Students at Chief Joseph Middle School in Richland briefly were evacuated Thursday morning after a smoky smell was detected in the building.
School officials said no fire was found and students returned to class by about 8:30 a.m. A faulty belt in the school's heating system, a project earmarked for replacement if voters approve a $98 million bond in February, was found to be causing the smell.
Steve Aagaard, Richland School District spokesman, said the smell was detected around 7 a.m. as students began to show up for the school day. Initially, students were kept in the school's gymnasium before eventually being moved outside.
Several Richland fire engines were called to the school to investigate, leading to the discovery of the problem in the heating system. Aagaard said maintenance workers were repairing the belt and no further problems were expected Thursday.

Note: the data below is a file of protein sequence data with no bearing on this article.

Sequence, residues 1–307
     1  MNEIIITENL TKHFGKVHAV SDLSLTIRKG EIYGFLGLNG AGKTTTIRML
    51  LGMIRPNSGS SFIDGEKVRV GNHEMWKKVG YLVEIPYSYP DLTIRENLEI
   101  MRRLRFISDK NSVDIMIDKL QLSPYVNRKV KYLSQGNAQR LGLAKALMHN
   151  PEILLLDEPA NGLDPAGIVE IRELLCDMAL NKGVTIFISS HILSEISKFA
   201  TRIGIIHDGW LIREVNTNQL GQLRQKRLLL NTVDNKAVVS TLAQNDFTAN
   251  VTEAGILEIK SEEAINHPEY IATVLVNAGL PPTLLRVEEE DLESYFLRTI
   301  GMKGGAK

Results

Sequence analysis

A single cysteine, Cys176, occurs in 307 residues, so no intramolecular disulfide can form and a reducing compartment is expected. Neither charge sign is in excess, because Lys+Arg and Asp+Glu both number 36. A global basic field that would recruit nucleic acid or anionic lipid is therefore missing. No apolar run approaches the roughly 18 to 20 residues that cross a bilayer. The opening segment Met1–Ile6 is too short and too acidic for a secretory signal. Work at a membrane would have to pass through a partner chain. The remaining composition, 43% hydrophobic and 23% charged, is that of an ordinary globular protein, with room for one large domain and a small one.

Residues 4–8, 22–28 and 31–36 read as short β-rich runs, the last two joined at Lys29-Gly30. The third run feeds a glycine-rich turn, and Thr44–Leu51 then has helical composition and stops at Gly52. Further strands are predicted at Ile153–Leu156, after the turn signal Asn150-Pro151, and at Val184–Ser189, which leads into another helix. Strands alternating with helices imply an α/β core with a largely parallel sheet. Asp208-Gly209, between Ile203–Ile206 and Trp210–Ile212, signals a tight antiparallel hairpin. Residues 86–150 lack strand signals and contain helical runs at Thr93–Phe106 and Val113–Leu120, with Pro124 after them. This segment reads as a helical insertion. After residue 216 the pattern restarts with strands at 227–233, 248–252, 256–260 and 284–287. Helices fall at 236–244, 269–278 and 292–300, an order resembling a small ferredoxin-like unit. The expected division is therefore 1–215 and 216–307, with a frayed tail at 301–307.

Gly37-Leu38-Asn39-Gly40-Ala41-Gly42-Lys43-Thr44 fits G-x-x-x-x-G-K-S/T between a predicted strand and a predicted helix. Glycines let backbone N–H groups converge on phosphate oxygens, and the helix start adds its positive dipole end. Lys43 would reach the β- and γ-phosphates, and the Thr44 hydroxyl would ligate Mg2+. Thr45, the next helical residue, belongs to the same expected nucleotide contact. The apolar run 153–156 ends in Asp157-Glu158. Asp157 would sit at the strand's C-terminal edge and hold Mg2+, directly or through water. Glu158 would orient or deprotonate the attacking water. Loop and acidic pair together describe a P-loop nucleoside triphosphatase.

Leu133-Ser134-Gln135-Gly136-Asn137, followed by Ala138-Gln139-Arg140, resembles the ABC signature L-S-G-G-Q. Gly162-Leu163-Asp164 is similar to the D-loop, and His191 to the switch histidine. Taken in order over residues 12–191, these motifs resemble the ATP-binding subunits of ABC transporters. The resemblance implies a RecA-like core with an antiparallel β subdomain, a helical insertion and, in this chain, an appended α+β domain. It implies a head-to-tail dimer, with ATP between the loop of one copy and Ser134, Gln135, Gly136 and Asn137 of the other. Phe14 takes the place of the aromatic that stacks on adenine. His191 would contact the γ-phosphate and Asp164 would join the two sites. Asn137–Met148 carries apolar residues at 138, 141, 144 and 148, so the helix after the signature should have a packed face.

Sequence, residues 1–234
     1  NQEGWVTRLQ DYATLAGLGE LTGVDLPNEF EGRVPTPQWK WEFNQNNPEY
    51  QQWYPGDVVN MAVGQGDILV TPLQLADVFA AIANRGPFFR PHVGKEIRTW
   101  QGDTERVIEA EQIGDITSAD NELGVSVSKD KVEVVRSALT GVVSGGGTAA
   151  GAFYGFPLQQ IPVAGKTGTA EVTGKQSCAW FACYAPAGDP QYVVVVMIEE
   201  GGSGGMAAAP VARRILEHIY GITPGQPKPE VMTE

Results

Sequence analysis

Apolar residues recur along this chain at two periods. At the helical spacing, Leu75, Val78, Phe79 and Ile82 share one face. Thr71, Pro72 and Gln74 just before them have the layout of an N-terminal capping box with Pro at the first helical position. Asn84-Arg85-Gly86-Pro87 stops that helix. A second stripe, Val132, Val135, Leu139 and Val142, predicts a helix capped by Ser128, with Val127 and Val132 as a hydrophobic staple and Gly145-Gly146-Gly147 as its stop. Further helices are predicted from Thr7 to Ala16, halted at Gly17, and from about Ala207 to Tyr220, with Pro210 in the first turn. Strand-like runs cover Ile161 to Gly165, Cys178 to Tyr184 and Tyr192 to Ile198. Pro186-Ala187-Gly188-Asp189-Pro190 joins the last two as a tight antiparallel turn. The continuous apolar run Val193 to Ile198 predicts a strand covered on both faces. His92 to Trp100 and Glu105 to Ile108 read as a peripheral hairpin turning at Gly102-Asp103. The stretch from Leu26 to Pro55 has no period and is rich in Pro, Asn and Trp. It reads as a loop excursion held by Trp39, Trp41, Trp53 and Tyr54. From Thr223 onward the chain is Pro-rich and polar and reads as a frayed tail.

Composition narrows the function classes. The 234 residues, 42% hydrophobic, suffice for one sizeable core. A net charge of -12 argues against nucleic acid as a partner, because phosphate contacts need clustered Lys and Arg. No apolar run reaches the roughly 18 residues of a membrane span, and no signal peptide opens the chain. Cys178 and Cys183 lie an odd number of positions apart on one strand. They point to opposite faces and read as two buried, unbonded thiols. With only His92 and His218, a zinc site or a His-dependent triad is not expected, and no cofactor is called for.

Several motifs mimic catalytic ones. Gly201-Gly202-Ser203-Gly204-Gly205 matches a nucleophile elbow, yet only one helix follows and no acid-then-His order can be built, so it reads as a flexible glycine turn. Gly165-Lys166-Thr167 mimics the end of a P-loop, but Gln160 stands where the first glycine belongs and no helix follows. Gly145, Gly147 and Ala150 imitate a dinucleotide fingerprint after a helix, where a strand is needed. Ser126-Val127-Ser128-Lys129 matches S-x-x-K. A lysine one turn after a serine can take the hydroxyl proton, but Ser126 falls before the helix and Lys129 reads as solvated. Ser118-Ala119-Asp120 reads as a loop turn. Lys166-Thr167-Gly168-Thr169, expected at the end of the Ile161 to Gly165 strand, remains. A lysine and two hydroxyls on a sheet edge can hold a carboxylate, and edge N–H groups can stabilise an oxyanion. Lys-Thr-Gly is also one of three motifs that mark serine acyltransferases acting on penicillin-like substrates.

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District officials have said the heating and cooling system at Chief Joseph is in bad repair and at risk of failure. Under the current bond proposal, about $6 million would be used to replace the system if voters approve the bond. The district cannot use maintenance funds for the project because the whole system would be replaced rather than repaired.
School board members are scheduled to continue discussions of the bond at 6:30 p.m. Tuesday at the district's administration building. The board has discussed modifying the bond after some district residents voiced concerns about how it would close Jefferson Elementary School as a K-5 school and the size of the some building projects.
-- Ty Beaver: 582-1402; email@example.com